Intel CEO resigns after probe of relationship with employee

Krzanich led Intel as rival chipmakers ate away at its dominance in the technology over several decades and he also presided over a series of high-level executive departures. (AP)
Updated 22 June 2018
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Intel CEO resigns after probe of relationship with employee

  • Corporations are under increasing pressure to “walk the walk” on executive behavior with the rise of the #MeToo movement
  • The board named Chief Financial Officer Robert Swan as interim CEO

Intel Corp. Chief Executive Brian Krzanich resigned on Thursday after an investigation found he had a consensual relationship with an employee in breach of company policy.
The head of the largest US chipmaker is the latest in a line of men in business and politics to lose their jobs or resign over relationships viewed as inappropriate, a phenomenon highlighted by the #MeToo social media movement.
Krzanich led Intel as rival chipmakers ate away at its dominance in the technology over several decades and he also presided over a series of high-level executive departures.
The change in leadership comes as Intel expands beyond personal computers and servers into areas such as artificial intelligence and self-driving cars, where smaller competitors including Nvidia Corp. are strong. Qualcomm Inc. leads in the mobile chip market.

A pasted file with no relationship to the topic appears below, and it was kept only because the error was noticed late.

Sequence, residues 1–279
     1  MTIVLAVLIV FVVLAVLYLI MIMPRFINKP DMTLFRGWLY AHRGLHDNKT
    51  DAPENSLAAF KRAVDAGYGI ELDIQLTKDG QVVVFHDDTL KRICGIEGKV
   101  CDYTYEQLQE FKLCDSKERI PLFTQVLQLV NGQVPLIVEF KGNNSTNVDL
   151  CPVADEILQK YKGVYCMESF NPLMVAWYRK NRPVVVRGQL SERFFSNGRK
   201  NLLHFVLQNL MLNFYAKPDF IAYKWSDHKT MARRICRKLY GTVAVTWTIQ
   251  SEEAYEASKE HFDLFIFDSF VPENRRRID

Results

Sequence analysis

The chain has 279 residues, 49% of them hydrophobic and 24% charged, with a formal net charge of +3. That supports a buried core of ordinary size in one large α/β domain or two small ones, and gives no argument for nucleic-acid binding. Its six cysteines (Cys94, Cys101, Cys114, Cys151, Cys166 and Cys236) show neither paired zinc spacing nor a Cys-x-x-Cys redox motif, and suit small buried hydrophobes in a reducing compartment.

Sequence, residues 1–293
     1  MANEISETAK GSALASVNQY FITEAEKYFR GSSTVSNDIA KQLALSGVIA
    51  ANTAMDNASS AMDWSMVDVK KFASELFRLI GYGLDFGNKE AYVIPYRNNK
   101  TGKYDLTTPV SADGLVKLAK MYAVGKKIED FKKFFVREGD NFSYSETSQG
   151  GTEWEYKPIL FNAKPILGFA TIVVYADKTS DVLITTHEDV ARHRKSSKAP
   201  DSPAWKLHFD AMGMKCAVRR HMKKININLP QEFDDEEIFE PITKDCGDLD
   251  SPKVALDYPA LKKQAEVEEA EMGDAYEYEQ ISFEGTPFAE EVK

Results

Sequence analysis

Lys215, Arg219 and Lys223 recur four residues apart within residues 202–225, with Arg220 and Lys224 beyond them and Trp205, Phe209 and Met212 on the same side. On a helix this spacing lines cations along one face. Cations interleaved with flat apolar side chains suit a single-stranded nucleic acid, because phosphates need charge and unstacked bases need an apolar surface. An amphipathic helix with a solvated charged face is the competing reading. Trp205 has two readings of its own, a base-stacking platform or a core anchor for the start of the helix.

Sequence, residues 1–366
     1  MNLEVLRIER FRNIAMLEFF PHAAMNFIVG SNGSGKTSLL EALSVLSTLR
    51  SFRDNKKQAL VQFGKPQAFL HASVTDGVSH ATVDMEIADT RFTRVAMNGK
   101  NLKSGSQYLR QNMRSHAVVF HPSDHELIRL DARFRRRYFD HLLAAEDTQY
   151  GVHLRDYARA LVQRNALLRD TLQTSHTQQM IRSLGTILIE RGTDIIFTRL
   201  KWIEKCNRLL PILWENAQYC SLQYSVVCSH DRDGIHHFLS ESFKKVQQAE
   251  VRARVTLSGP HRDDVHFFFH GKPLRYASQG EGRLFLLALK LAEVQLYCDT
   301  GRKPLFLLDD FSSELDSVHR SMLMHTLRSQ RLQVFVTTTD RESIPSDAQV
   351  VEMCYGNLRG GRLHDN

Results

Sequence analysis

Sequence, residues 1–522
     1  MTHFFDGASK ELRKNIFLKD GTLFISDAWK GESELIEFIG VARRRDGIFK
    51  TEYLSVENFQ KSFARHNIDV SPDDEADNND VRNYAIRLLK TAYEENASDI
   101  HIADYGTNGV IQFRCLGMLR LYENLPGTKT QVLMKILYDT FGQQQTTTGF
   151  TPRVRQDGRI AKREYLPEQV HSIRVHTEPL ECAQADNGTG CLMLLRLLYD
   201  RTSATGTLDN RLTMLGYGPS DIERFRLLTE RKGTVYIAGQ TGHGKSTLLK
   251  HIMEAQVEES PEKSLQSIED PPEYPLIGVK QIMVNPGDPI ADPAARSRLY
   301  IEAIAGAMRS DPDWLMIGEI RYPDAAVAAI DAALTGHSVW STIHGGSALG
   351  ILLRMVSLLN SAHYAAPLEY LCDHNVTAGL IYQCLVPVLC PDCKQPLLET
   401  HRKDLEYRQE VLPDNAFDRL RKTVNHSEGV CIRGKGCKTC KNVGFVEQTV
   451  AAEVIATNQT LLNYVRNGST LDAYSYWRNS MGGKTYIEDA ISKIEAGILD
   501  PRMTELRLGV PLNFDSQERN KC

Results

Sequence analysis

The board named Chief Financial Officer Robert Swan as interim CEO and said it has begun a search for a permanent CEO, including internal and external candidates.
“An ongoing investigation by internal and external counsel has confirmed a violation of Intel’s non-fraternization policy, which applies to all managers,” Intel said in a statement, declining to give any further information about the probe. Its shares fell 2.4 percent.
The company’s board was informed a week ago that Krzanich had a mutual relationship with an employee in his chain of command in the past, according to a source familiar with the matter who asked not to be named. The relationship began before Krzanich became CEO in 2013 and ended several years ago, the person said.

‘BK’ out
Krzanich, who did not have an employment contract, is entitled to a $38 million “walk-away” payment in the event of a voluntary termination, according to Intel’s regulatory filings.
Of that, $31 million is in the form of accelerated stock awards and $4.1 million in the form of deferred compensation, based on Intel’s share price on Dec. 29.
An Intel spokesman declined to say whether the walk-away payment applied to Krzanich’s resignation, but said the investigation into Krzanich’s conduct continued and that the board reserved the right to take further action.
Corporations are under increasing pressure to “walk the walk” on executive behavior with the rise of the #MeToo movement, said Ivan Feinseth, chief investment officer at Tigress Financial Partners.
In the last few months Martin Sorrell, founder of advertising giant WPP Plc, and casino mogul Steve Wynn of Wynn Resorts Ltd. resigned after accusations of impropriety. Wynn has denied the accusations and Sorrell has denied any wrongdoing.
Krzanich, 58, an engineer and Intel veteran known at the company as “BK,” was appointed CEO in May 2013. Intel shares more than doubled during his tenure as the company expanded into new markets.